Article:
What is a CHNA?
The Massachusetts Department of Public Health established the Community Health Network Area (CHNA) initiative in 1992. The original initiative involved all 351 towns and cities through 27 Community Health Network Areas. Some CHNAs are no longer active while others have morphed into different areas. These are operated under the guidance of the Office of Community Health Planning and Engagement of the Massachusetts Department of Public Health.
What is the purpose of a CHNA?
Community Health Network Areas are committed to continuous improvement of health. Each of the CHNAs collaboratively identifies local and regional health priorities, designs community-based prevention plans, and track success in achieving healthier communities. CHNAs develop new health improvement projects as initial projects are completed. While each Community Health Network may have a different design and composition, all Networks function as frameworks for the development of partnerships that enhance cooperation in developing a preventive, primary care health model in each community.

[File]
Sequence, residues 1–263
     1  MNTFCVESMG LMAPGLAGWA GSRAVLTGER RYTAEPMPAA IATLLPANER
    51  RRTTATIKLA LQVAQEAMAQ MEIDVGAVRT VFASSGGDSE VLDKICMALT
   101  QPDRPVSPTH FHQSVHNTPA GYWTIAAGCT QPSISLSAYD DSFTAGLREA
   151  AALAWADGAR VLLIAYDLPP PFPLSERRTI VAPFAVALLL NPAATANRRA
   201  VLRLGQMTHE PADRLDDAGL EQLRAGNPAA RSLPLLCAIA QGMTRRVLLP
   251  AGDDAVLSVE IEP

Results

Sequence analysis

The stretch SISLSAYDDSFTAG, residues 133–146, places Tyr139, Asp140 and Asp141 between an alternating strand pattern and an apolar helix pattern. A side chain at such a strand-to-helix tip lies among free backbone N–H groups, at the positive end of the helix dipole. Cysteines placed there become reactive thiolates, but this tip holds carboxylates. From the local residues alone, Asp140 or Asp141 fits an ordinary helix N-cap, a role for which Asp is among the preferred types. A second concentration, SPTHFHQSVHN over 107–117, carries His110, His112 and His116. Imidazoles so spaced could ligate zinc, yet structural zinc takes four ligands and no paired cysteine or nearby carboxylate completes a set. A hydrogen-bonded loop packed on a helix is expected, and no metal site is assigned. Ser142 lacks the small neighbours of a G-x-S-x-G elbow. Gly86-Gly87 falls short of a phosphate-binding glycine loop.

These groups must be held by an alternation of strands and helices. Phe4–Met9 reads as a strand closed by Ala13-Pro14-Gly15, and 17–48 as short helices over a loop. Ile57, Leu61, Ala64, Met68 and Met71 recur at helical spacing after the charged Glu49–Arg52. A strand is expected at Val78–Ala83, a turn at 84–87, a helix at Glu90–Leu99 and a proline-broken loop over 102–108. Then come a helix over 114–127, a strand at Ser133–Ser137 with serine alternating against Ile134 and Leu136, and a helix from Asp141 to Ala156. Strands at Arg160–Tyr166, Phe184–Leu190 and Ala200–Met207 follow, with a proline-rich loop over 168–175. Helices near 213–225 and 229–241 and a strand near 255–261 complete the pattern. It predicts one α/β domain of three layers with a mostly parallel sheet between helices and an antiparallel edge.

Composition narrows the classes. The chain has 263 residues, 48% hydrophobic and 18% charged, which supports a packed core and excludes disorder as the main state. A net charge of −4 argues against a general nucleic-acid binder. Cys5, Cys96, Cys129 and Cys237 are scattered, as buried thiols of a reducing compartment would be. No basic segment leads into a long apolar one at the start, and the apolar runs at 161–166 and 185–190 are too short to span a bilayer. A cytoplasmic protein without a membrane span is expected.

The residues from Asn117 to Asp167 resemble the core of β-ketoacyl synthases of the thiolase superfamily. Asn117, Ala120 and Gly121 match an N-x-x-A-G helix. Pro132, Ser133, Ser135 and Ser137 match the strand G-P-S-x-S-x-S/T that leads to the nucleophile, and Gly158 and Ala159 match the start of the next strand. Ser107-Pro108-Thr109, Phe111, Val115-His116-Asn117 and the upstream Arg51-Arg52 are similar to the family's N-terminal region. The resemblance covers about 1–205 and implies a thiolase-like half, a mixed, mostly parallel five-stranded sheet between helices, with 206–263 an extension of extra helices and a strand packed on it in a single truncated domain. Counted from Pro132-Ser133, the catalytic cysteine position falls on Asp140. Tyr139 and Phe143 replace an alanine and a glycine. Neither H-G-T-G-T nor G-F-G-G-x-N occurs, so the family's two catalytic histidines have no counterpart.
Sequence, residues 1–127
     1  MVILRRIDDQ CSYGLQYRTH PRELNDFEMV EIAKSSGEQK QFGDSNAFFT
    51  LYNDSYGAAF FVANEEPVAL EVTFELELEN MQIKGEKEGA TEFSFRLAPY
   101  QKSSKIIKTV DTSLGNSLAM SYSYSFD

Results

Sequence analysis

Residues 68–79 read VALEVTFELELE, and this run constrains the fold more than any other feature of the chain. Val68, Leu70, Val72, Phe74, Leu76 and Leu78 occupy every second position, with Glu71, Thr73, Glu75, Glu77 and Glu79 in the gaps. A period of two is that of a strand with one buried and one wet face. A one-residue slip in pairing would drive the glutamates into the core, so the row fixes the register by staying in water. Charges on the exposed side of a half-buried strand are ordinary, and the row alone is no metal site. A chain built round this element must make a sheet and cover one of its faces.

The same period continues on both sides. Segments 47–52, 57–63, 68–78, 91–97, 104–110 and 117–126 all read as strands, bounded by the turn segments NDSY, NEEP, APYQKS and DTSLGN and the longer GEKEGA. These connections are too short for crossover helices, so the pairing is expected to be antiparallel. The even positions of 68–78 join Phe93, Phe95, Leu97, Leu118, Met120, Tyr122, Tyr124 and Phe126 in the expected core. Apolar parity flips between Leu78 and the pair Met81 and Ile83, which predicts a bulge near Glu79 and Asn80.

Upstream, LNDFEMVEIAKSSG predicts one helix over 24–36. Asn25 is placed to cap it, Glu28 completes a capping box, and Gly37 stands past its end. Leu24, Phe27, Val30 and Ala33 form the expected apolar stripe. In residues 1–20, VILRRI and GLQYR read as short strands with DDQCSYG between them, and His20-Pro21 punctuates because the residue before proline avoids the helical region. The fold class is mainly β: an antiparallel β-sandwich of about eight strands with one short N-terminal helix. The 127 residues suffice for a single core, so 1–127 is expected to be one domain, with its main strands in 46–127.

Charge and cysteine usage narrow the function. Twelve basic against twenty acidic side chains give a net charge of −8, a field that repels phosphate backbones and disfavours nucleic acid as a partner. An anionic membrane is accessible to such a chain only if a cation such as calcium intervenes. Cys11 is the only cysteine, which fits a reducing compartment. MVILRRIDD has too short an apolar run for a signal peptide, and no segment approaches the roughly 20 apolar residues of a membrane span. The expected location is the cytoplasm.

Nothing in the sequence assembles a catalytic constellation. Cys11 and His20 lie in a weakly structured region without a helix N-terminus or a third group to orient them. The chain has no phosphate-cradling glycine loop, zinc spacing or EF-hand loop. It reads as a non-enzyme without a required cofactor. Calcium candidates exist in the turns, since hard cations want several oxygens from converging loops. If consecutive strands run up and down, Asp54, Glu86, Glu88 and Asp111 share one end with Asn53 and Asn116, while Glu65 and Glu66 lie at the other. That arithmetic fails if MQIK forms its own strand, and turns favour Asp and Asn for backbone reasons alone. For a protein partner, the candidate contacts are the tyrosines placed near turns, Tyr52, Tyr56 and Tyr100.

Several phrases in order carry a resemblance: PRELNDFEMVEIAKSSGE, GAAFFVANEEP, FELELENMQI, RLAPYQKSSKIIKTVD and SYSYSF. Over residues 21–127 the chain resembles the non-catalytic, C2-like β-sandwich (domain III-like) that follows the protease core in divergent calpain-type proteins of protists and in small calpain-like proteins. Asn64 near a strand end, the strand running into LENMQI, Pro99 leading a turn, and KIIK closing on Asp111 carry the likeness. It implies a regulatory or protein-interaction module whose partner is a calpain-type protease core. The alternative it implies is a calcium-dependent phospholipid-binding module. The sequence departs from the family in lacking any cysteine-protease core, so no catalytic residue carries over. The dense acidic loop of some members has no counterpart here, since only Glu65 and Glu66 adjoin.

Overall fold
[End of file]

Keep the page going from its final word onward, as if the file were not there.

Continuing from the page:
What are the guiding principles of a CHNA?
- Commitment to continuous improvement of health
- Focus on tracking area health indicators and eliminating identified disparities.
- Involve members of their own community
- Include key stakeholders in health improvement: residents, consumers, coalitions, faith communities, local and state governments, businesses, and providers of community-based health, education, and human services.
- Reflect the age, racial, ethnic, gender, sexual orientation, and linguistic diversity of the area.
- Working partnerships of among residents, consumers, coalitions, local service providers, and local and state governments.